Andrew Young was, and remains, a faithful supporter of the administration's basic policy in the Middle East. He was forced to resign only because he was caught in an indiscretion at a time when Jimmy Carter needs to show he is a firm leader.
But sympathy for Mr. Young -- which I feel -- does not make the basic policy right. On the contrary, it is now more clear than ever that conditions in the Mideast and in this country make the administration's policy unworkable.
The basic Middle Eastern policy of the administration -- as Jimmy Carter, Cyrus Vance and Zbigniew Brzezinski have said over and over -- is to go for a comprehensive settlement of the dispute between Israel and the Arabs. That means affording full scope for the rights of the Palestinians. That in turn implies bringing their chief political force, the Palestine Liberation Organization, into the diplomatic process.
The Carter administration first tried to engage the PLO in the spring of 1977. Secretary Vance said the United States would recognize the organization if it acknowledged the right of Israel to exist, and accepted U.N. Resolution 242, which affirmed support for defensible Israeli borders.
The PLO refused. That whole episode was then overtaken by Anwar Sadat's visit to Jerusalem, and the Egyptian-Israeli peace treaty that followed.
A second effort to engage the PLO developed this spring and summer. A major public step occurred in May at the Vienna summit when Secretary Vance discussed with Chancellor Bruno Kreisky the visit to Austria of the PLO leader Yassir Arafat. In addition, there have been many private meetings, only some of which have come to the surface. Out of these sessions there developed a loose understanding.
Resolution 242, which mentions the Palestinians only as refugees, would be updated by another U.N. resolution asserting the rights of the Palestinian people. The United States would take a positive stance on that resolution. The PLO would then accept Resolution 242 as amended. The United States would recognize the PLO.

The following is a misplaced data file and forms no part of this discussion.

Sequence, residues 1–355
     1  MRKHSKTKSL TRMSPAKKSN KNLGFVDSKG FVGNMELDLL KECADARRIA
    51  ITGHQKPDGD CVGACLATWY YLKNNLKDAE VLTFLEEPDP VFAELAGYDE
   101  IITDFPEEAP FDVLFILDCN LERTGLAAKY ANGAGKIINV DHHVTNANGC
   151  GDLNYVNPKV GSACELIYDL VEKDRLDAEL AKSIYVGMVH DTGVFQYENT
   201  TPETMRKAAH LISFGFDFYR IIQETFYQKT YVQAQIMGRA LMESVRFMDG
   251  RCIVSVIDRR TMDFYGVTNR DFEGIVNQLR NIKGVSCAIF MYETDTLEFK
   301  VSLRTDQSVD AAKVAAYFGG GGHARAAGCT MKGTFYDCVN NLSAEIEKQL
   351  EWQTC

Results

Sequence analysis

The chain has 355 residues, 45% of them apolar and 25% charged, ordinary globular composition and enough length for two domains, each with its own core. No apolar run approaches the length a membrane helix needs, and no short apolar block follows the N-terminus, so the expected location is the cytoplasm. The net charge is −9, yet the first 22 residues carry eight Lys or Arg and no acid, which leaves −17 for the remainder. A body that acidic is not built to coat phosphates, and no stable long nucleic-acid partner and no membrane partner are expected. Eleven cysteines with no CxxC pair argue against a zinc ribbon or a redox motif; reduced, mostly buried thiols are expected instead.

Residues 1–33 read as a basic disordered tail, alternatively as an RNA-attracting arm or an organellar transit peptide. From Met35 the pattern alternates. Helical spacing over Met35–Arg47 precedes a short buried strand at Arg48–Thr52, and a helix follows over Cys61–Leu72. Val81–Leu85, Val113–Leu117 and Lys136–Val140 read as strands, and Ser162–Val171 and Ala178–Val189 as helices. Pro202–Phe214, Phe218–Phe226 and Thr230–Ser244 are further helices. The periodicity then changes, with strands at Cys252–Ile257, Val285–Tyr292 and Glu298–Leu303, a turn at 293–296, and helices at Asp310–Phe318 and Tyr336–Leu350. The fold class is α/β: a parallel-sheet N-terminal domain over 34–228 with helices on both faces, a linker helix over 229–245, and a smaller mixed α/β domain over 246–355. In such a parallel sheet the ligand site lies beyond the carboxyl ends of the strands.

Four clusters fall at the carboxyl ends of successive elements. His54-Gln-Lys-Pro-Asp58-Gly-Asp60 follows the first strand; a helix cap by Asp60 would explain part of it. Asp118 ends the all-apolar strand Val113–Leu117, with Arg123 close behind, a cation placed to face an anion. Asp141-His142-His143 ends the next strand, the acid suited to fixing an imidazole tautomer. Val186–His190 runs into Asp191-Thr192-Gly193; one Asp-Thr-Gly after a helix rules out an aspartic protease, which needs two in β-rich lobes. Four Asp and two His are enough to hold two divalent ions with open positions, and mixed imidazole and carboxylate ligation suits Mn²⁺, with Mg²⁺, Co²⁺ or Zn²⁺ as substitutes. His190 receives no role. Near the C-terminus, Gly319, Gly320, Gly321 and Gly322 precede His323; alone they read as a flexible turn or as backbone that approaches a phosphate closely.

Those possibilities were mooted on Aug. 12. At a meeting in Damascus, the PLO's central commission refused to accept Resolution 242. It said it would reject any substitute that did not include something the United States opposes -- creation of a Palestinian state.
That absolutely crucial development was immediately eclipsed by the Young affair. In pursuit of the general administration policy, Young had made unauthorized contact with a PLO representative at the home of the Kuwaiti diplomat who was preparing the update of Resolution 242. The Israeli's learned of the meeting. When Young confirmed their information, they protested publicly. Jimmy Carter, in need of Jewish support for renomination and obliged to show that he is tough, decided to let Young go.
Taken in conjunction, the PLO decision and the Young affair show why the general constellation of events tilts strongly against an approach to the PLO at this time. For behind both developments lie complex sets of interconnected circumstances.
On the one hand, the Arab world is now dominated by the slow coming apart of the Khomeini government in Iran. The trouble there jeopardizes stability in neighboring Iraq. To protect himself, the Iraqi leader, Saddam Hussin, has instituted a kind of preemptive coup that has made for bad blood between his country and Syria. The weakening of the Iraqi-Syrian connection undermines the base of PLO strength, and the hold of radical Arabs on the states of Jordan, Kuwait and Saudi Arabia. Thus threatened, the PLO lacks the strength needed to show moderation. It is condemned to the hard line it took at the Damascus meeting.
On the other hand, President Carter now bleeds from a thousand wounds. That fact is well-known in Israel, where Prime Minister Menachem Begin is under pressure to stand up against any American demands for concessions to the Arab world, and particularly to the PLO, which Israelis see as a terrorist outfit. So the Begin government is bound to exploit whatever openings develop for holding off U.S. pressure.
Some, no doubt, will blame the government of Israel and those of us in the American-Jewish community for self-assertion against the general interest in peace. But the road to peace lies in patient and step-by-step follow-through in the negotiations now going on between Egypt and Israel. It does not lie in a policy unsustained by conditions in both this country and abroad. Such a policy can only lead to a dead end, a position of total American impotence.